808Re: [NTO] Blockquote
- Aug 22, 2000Scott Fordin wrote:
> As alluded above, the thing to remember about stylesheets is that youYes, this is what I try to do, use stylesheets as much as possible but
> still need to make your base code look good in case the stylesheet is
> unavailable, or the reader's browser can't handle it, or if the reader has
> disabled stylesheets in their browser. To say it another way, your code --
> as with all program code -- should be able to fail gracefully.
make sure it still looks decent on an older browser. Unfortunately, this
prevents using stylesheets to their maximum potential. For example, you
can't define fonts using both HTML and stylesheets. Well, I guess you
can but the results probably won't be pretty.
> Ah, there's rub: the "recommendations" promulgated by the W3C are intendedI would agree to a point. I don't think one organization should have
> to inculcate cross-platform, cross-browser compatibility -- a.k.a. "open
> standards." Proprietary extensions to HTML and XML are evil and should be
> resisted at all costs! Microsoft is notorious about pushing proprietary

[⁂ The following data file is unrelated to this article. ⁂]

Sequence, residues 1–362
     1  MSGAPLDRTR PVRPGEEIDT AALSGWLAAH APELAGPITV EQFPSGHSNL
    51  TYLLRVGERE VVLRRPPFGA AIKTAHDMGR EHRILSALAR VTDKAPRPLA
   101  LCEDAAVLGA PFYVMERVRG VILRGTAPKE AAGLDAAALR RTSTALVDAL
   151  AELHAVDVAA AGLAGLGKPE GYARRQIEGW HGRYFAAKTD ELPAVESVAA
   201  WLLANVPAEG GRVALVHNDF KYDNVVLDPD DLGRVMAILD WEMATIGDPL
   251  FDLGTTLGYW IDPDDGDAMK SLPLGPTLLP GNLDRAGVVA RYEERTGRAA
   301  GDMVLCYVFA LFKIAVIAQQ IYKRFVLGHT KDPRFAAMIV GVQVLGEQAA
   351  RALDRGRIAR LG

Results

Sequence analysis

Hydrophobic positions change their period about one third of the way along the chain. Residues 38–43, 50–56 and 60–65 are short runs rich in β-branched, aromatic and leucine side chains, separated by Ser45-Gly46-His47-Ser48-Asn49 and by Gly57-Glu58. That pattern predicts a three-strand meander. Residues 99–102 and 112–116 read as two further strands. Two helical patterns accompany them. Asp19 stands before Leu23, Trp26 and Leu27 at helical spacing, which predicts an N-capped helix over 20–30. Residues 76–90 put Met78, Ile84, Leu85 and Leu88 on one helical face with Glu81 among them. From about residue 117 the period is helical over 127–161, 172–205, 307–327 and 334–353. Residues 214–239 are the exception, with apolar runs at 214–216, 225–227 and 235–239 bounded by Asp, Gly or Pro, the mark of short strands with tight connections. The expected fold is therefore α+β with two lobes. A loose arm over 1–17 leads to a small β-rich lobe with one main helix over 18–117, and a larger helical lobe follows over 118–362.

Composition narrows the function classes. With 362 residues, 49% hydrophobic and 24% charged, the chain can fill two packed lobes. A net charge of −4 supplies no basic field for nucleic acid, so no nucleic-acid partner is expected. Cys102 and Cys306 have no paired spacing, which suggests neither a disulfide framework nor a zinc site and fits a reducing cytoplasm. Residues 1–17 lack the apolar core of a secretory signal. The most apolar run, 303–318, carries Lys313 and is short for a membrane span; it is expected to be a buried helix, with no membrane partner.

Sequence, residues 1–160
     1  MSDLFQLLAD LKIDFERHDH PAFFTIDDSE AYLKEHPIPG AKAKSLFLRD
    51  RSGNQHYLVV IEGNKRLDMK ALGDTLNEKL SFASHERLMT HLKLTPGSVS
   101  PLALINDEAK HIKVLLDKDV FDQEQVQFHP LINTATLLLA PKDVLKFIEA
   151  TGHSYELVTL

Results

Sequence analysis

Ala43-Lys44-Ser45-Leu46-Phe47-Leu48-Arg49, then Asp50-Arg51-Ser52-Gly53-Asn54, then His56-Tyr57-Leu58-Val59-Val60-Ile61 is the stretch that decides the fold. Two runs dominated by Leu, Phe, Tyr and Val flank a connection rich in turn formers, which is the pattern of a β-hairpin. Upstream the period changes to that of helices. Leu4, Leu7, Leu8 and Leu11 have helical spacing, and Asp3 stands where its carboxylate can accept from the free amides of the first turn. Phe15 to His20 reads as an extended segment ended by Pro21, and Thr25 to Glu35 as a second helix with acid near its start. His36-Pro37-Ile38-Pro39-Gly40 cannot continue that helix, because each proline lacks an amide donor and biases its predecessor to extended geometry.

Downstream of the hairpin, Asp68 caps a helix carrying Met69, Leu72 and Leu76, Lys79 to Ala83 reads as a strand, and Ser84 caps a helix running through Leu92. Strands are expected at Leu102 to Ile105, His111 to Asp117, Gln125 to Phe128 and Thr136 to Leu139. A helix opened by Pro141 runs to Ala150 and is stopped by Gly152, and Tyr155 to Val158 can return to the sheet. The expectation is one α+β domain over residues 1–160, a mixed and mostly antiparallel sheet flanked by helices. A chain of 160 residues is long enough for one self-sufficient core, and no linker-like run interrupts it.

> extensions (yes, Netscape has done it also, but not as much, especially
> not lately), and then embedding those extensions in their authoring tools.
> This is clearly an effort to usurp the HTML (and now XML) standards.
absolute control over how software is written. Some of the extensions
Netscape added eventually became part of the standard, because they were
good ones. It would like to see all browsers be 100% compatible with the
standard. Then if they want to add extensions that's fine, as long as
people know they're the only ones that support them. Right now, most
browsers don't even fully support the standard, so cross-platform,
cross-browser compatibility is a joke.
And before we knock M$ too much (I've done my share!) I will say that
they're a lot better about supporting stylesheets than Netscape was/is.
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